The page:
Tips on How to Create a Logo

If you are a beginner designer, this article might be useful to you, as here we would like to talk about creating a logo, and give some tips, which will make the process easier and more effective. If you are an entrepreneur, a startup, a blogger and have decided to create a logo on your own, this article will also be useful to you. Here you will find all the information you need about logo design. Let’s get started.

logo memorable

Learn the principles of logo design

The difference between an effective logo and an ineffective one is that it is practical, appropriate, simple in form and content, and conveys a targeted message.

In its simplest form, a logo’s purpose is to identify a brand but to do so, it must follow the basic principles of logo design:

The logo must be simple. A simple logo is easy to recognize, this allows the logo to be versatile and memorable. Effective logos have something unexpected or unique, but they are not overloaded with detail. The simpler the logo, the more memorable it is.

The logo should be memorable. An effective logo should be recognizable, and this is achieved through simplicity and relevance.

The logo should be durable. An effective logo must stand the test of time, in other words, it has to be “timeless,” which means it must be effective in 10, 20, 50+ years.

The logo should be versatile. The logo should look great in different environments and on different surfaces – on a website, business card, employee clothing, etc.

The logo should be appropriate. The way you position the logo should be appropriate for its purpose.

Avoid clichés

Electric light bulbs for the “idea” image, clouds for “discussion,” globes for the concept of “international,” etc. These are the ideas that come to mind when brainstorming and for the same reason we should discard them first. How can your design be unique if the same idea is present in other logos? Avoid such visual clichés and come up with an original idea and design.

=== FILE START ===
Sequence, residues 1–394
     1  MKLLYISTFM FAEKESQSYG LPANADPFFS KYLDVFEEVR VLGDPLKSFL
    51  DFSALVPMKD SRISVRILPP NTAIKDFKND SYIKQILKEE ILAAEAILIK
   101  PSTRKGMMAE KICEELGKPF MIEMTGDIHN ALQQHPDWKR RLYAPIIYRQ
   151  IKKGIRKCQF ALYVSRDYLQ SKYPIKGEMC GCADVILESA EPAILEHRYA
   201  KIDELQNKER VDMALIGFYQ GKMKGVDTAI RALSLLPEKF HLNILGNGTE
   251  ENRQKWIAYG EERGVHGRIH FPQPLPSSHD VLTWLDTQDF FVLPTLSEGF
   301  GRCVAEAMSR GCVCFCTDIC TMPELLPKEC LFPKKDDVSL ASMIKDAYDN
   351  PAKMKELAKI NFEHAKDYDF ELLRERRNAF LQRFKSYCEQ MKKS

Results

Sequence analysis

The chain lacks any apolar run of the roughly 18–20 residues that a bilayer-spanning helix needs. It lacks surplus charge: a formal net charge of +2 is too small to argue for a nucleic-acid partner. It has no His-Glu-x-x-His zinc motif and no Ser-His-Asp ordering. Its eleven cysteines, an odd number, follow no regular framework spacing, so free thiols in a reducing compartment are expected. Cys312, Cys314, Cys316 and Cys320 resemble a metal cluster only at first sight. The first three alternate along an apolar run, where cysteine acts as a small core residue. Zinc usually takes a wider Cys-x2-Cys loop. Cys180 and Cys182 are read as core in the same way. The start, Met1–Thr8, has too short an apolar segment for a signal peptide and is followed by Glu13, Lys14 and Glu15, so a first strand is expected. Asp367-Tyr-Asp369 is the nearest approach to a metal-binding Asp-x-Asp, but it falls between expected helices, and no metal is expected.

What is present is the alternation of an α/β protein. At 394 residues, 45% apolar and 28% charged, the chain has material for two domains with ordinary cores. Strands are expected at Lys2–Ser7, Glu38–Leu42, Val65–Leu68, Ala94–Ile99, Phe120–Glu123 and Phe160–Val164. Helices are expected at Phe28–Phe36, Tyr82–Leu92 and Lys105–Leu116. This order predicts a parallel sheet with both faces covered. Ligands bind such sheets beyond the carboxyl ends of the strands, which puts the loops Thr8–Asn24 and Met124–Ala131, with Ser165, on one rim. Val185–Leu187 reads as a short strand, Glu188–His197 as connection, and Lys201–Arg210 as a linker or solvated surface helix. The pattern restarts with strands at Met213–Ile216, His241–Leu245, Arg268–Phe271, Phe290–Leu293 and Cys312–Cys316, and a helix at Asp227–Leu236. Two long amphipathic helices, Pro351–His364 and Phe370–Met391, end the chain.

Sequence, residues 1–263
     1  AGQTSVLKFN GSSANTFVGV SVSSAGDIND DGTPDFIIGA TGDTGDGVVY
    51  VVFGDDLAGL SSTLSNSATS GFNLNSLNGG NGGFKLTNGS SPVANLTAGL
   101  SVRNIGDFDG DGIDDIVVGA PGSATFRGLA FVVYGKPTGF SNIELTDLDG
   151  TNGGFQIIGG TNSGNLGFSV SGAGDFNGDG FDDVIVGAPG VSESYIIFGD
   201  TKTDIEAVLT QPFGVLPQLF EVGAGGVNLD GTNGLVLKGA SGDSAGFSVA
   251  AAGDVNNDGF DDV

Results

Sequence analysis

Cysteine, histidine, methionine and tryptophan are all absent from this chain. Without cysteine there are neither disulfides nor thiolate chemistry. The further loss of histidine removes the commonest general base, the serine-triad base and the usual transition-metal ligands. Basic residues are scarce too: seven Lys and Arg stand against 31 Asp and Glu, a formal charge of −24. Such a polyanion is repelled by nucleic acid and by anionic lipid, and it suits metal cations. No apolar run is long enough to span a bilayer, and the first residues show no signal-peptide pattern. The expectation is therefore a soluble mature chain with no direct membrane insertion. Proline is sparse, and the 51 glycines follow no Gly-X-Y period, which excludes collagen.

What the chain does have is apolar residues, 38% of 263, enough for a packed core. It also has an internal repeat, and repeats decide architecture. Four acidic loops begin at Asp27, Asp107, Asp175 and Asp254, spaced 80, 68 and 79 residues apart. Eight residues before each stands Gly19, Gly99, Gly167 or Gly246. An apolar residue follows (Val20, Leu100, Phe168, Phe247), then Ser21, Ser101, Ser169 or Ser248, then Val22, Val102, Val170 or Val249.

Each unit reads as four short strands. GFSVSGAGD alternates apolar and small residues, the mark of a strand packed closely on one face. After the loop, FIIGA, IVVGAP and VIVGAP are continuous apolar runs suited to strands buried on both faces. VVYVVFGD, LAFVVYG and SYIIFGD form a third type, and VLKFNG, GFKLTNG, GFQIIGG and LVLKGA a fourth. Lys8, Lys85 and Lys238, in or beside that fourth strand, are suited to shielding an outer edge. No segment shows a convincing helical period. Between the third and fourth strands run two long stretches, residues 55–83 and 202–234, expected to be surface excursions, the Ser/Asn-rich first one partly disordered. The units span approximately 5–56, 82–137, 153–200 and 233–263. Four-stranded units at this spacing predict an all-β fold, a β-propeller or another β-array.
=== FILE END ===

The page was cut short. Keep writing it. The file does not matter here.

As mentioned, don’t steal, copy or borrow designs from others. Although it does happen quite often. The designer sees an idea he likes, quickly mirrors it, slightly changes contours and colors, replaces words, and calls the idea his own. Not only is this unethical, illegal, and stupid, but you’re sure to get caught at it sooner or later. Don’t use stock icons or cliparts — the main point of a logo is uniqueness, as it is created to reflect your brand’s essence.

Logo galleries are not the only source of inspiration

Logo Moose and Logo Gala are two great starting points for exploring and finding inspiration. However, it’s always important to know when to stop. It’s better to see what worked and didn’t work out of 10 relevant logos than to get lost among 50-100 original insignias.

If you’re having trouble with ideas, try looking up keywords in a dictionary or thesaurus, or google images for inspiration. And if you have a sketchbook, you can look at your previous drawings — you probably have interesting ideas from previous projects, which you haven’t used, and you may already have the perfect solution, as we talked about earlier.

Logo shape psychology

Logo shape psychology

Like color psychology, the shape of a logo also has a psychological impact on perception.

Understanding the psychology of shapes will benefit you no matter what your logo is based on – circles, triangles, etc.

Do not imitate

We all have design idols and sometimes we admire them so much that we want to imitate their style. Indeed, as they say, imitation is the sincerest form of flattery. In the real world, however, it is simply the laziest way to solve a creative problem.

Create mind maps

Use the associative map technique to organize your thoughts into something more coherent. That way you can sort out your thoughts and make them work for you. Play around with keywords and synonyms, and gather inspiration material from different sources on one board to see how they fit together.

Don’t go overboard with maths grids